scheme.
3. By virtue of his or her position, the employee has possession or custody of a patient’s
money or other items of value, and intentionally uses, transfers, or conceals the money or
items of value without the patient's consent, and with the intent to make the money or
property his or her own or to the use of another person except the owner.
4. Intentionally using or attempting to use personal identifying information, as defined in
Wis. Stat. § 943.201(1)(b), to obtain credit, money, goods, services, or anything else of
value without the authorization or consent of the patient and by representing that he or
she is the patient or is acting with the authorization or consent of the patient.
5. Examples of Misappropriation of Property include, but are not limited to:
a. Theft of money, identity, credit cards, clothing, electronics, medication or
jewelry.
b. Misuse of property such as using a patient's cell phone without consent.
E. An injury should be classified as an injury of unknown source when both of the following
conditions are met:
1. The source of the injury was not observed by any person or the source of the injury could
not be explained by the patient.
2. The injury is suspicious because of the extent of the injury or the location of the injury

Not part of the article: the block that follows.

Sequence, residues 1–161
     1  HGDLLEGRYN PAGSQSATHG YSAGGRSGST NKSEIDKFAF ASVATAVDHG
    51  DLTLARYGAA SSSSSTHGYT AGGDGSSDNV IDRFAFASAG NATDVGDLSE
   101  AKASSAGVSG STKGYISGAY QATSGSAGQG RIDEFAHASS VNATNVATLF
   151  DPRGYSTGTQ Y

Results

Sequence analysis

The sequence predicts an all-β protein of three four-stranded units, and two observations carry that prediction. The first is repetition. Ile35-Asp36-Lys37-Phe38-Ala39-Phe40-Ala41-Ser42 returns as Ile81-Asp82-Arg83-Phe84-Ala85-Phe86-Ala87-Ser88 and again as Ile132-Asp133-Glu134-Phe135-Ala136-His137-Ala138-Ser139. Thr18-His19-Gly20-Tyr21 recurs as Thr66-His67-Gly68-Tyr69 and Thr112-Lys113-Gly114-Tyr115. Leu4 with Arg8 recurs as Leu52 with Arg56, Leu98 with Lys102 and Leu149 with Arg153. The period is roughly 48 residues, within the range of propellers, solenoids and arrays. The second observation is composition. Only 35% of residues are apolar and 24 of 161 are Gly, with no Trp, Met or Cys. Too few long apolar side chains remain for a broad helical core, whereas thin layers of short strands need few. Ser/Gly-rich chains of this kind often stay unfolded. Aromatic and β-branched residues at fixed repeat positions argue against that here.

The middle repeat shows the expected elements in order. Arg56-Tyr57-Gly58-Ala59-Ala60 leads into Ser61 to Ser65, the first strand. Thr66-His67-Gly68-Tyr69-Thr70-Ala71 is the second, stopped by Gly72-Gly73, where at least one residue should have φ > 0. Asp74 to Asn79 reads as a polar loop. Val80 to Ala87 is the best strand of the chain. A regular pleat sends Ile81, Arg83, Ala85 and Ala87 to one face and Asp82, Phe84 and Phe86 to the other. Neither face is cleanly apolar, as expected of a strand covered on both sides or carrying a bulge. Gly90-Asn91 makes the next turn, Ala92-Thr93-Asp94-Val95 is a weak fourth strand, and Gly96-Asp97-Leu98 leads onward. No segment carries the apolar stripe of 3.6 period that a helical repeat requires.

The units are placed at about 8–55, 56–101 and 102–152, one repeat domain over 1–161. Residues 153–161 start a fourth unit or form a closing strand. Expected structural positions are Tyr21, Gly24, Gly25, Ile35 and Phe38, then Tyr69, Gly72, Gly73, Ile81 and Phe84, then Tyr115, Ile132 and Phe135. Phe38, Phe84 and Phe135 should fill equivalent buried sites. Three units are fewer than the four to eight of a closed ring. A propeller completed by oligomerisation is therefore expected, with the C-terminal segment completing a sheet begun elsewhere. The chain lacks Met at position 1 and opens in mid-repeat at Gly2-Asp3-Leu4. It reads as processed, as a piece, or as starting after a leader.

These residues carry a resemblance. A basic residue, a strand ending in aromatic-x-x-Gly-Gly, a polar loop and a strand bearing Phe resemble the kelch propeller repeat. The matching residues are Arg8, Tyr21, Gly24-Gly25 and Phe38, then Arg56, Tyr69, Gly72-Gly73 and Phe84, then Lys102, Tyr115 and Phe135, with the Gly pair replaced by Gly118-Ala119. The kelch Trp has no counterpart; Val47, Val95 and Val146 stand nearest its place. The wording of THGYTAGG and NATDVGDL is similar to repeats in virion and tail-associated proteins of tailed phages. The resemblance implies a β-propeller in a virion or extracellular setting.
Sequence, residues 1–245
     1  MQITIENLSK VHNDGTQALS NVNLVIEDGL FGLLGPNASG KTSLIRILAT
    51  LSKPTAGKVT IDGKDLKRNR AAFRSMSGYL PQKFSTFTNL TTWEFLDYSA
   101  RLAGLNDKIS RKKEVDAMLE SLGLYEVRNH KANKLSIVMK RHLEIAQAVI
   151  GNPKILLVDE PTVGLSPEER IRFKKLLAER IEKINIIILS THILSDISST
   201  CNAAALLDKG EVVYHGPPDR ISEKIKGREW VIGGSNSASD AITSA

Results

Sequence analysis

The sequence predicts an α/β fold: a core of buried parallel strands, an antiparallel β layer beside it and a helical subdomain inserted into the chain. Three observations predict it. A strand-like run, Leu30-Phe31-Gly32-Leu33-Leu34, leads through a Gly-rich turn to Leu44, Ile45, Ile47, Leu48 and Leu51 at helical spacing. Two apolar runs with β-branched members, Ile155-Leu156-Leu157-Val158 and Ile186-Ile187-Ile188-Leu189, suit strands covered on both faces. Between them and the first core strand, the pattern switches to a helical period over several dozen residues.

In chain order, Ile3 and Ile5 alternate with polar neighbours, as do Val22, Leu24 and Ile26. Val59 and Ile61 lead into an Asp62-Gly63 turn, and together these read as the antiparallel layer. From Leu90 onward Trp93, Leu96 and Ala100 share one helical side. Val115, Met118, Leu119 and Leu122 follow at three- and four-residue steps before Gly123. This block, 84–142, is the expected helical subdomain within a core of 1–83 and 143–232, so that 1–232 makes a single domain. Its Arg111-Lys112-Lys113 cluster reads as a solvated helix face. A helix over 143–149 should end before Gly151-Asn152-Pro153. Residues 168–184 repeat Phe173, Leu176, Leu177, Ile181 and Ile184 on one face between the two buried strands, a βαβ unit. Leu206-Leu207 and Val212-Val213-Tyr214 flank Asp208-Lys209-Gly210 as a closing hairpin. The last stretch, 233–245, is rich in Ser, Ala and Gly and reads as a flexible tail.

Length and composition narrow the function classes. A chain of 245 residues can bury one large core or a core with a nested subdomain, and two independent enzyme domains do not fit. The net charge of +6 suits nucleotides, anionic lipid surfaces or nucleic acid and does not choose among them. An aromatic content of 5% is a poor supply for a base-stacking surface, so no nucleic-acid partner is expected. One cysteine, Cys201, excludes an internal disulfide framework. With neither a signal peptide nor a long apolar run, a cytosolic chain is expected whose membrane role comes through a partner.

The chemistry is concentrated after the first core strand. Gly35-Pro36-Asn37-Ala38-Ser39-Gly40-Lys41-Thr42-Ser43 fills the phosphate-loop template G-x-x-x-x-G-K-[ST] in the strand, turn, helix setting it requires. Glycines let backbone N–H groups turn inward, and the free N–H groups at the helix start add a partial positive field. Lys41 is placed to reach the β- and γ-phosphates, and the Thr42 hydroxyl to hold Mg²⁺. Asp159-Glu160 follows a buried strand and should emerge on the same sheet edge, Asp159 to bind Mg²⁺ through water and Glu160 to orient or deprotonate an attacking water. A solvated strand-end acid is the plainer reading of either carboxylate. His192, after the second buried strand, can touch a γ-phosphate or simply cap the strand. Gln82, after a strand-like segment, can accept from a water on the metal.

(e.g., the injury is located in an area not generally vulnerable to trauma) or the number of
injuries observed at one particular point in time or the incidence of injuries over time.
IV. PROCEDURE
A. Staff Training and Patient Information.
1. UW Health staff will be trained on these procedures in New Employee Orientation
(NEO) sessions and in other settings as appropriate.
2. Patients will be informed of their rights related to potential incidents of Caregiver
Misconduct via the "Patient Rights and Responsibilities," which is provided at the time of
admission.
B. Source of Allegations of Caregiver Misconduct.
UW Health staff may become aware of potential cases of Caregiver Misconduct or an injury of
unknown source by one or more of the following:
1. Personally observing the incident or observing unexplained injuries
2. Hearing of an incident from other staff
3. Verbal or written assertions by the patient
4. Patient Safety Net Report
5. UW Health Compliance Hotline
C. Initial Actions When Learning of Alleged Incidents of Caregiver Misconduct.
Whenever any UW Health staff member becomes aware of an alleged incident that may meet the
definition of Caregiver Misconduct, they are required to do the following:
1. Report allegations of Caregiver Misconduct to supervisor:
a. Alleged incidents of Abuse and/or Neglect.
i. All staff are required to immediately report any suspected incidents of
Abuse and/or Neglect to their supervisor or their supervisor's designee. If
the incident occurs after hours or on the weekend/holiday, the nursing
supervisor shall be notified.
ii. The supervisor or designee is required to report the incident to their
Director and to Corporate Counsel (608-261-0025) within 24 hours of
learning of the alleged incident to ensure that the incident is documented
and an investigation is appropriately conducted.

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b. Alleged Misappropriation of Property.
Missing patient belongings including money and other personal property may be